MOSCOW: Russia-Ukraine crisis is gripping the economies of Central Asian states as the Russian currency had crashed 8 percent against the US dollar.
Millions of people from Uzbekistan, Tajikistan, and the Kyrgyz Republic entre Russia for work and their families started to suffer, it is learnt.
Moscow based Faridum Abdulloev, a mid-level manager at a construction firm usually able to send across $500 per month to his wife in Dushanbe, Tajikistan, which was enough to cover his family’s household expenses, his son’s private school fee, and a monthly installment on a home loan.
But in late January, the 34-year-old worriedly called his wife before transferring money. The Russian rouble had crashed 8 percent against the United States dollar since December and 15 percent since October — all even as prices in Moscow have climbed steeply in recent months. He would be able to send home only $450, he told her. Then, he shared a deeper fear with her. “I told her things might get so bad that I might have to come back,” he recalled in a phone interview with Arab media.
Abdulloev is among millions of Central Asian migrant workers in Russia who risk becoming collateral victims of the ongoing tensions between Moscow and the West over Ukraine. The Kremlin has positioned more than 100,000 soldiers and heavy weaponry along its neighbor’s borders, sparking fears of an imminent war. The US has responded by preparing a set of sledgehammer sanctions aimed at deterring Russian President Vladimir Putin from any invasion of Ukraine.
Yet while the measures Washington is proposing are targeted at Moscow, they could also end up crippling the economies of Tajikistan and the Kyrgyz Republic while also significantly hurting Uzbekistan, because these nations depend on money sent home by citizens working in Russia.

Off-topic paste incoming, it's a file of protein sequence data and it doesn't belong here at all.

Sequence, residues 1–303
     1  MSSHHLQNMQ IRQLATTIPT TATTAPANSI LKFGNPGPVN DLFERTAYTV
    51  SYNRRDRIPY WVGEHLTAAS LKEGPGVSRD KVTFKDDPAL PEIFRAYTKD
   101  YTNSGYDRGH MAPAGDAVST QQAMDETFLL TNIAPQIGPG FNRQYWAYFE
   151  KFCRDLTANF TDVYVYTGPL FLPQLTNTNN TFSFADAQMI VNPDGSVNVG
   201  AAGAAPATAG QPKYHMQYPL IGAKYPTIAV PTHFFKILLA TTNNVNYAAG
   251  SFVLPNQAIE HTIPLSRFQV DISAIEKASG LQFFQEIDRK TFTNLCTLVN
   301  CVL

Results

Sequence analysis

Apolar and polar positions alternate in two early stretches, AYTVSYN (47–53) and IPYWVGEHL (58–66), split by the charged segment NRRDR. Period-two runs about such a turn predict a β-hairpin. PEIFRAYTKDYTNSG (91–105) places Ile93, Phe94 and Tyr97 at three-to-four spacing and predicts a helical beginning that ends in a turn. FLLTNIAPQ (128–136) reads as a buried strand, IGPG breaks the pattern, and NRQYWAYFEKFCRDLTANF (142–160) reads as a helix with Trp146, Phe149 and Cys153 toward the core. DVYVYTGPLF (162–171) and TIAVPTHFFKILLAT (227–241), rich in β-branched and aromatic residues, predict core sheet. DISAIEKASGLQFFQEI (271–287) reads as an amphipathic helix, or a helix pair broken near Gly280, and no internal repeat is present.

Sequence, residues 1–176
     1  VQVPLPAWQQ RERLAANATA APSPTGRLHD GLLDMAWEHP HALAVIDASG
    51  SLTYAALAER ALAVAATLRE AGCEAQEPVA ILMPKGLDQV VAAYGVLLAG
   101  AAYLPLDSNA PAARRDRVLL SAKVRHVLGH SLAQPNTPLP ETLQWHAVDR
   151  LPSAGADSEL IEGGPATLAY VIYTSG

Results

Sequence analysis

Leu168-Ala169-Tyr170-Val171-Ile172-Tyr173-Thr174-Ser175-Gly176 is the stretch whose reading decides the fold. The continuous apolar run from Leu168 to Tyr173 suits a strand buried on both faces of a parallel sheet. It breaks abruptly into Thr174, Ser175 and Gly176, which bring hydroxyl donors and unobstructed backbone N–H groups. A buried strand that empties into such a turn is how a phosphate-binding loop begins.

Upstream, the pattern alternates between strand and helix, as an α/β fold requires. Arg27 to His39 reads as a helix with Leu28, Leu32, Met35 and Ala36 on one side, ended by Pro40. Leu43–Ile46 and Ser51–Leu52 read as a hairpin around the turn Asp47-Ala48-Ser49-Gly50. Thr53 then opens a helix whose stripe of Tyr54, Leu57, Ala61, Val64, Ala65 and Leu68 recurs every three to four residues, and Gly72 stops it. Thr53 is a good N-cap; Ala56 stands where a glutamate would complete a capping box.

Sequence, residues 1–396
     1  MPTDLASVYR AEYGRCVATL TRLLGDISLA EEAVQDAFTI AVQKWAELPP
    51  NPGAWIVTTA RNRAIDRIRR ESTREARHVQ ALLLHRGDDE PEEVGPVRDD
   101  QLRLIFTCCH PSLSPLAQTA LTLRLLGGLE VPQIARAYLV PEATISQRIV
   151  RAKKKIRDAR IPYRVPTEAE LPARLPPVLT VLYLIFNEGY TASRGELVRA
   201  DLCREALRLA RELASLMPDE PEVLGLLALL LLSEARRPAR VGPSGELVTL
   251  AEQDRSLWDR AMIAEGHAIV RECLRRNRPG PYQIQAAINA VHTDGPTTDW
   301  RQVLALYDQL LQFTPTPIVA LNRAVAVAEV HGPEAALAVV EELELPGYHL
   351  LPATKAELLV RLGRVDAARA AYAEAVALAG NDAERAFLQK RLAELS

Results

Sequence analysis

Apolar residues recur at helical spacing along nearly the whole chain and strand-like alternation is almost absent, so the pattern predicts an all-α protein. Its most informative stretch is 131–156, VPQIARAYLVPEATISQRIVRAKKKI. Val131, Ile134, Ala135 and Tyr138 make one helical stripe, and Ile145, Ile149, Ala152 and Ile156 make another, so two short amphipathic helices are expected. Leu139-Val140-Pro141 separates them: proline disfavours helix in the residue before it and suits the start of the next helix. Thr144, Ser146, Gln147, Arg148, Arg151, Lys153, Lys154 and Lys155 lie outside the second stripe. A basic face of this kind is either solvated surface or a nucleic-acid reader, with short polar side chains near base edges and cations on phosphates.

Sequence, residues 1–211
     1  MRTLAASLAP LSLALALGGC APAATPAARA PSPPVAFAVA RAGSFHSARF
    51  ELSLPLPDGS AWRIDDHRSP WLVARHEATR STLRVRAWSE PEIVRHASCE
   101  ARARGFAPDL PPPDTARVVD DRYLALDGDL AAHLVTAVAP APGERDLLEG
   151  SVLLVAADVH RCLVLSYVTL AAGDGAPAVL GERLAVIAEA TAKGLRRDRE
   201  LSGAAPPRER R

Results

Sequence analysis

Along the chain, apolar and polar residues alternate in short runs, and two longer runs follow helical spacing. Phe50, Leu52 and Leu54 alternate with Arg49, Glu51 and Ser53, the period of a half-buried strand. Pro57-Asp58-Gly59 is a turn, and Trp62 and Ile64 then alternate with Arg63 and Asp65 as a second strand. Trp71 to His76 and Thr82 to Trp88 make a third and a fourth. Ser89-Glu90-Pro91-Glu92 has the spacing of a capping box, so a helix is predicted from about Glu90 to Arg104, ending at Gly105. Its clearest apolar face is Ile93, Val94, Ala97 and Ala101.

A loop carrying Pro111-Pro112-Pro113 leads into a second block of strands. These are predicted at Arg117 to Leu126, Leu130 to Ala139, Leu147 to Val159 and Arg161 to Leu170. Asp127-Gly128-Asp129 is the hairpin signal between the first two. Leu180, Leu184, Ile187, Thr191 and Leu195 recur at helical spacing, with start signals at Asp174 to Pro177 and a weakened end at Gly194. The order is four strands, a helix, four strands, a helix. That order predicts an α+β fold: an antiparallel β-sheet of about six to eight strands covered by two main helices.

More than 3 million migrant workers from Uzbekistan, nearly 1.6 million from Tajikistan, and 620,000 from the Kyrgyz Republic entered Russia between January and September 2021, according to data from the ministry of internal affairs in Moscow. Put simply, one in 10 citizens from those three countries works in Russia. Remittances — mainly from Russia — constitute 30 percent of the gross domestic product of Tajikistan, 28 percent for the Kyrgyz Republic, and almost 12 percent for Uzbekistan, according to the latest World Bank data.
But the mere threat of sanctions has already sent the rouble tumbling, cutting the value of the earnings and savings of migrant workers.
In the past, experts have found that remittances to Central Asia take big hits when the Russian economy faces crises, including after 2014 when Washington imposed economic curbs following Moscow’s annexation of Crimea. And this time, the US and its allies in Europe are warning of unprecedented measures if Putin proceeds with military aggression. Some of the proposed sanctions could effectively block the pipeline of remittances that keep Central Asian economies humming.
“A decline in remittances is likely to lead to economic, fiscal, and social pressures in Central Asian countries particularly dependent on remittances,” Tigran Poghosyan, the International Monetary Fund’s resident representative to the Kyrgyz Republic, told Arab media.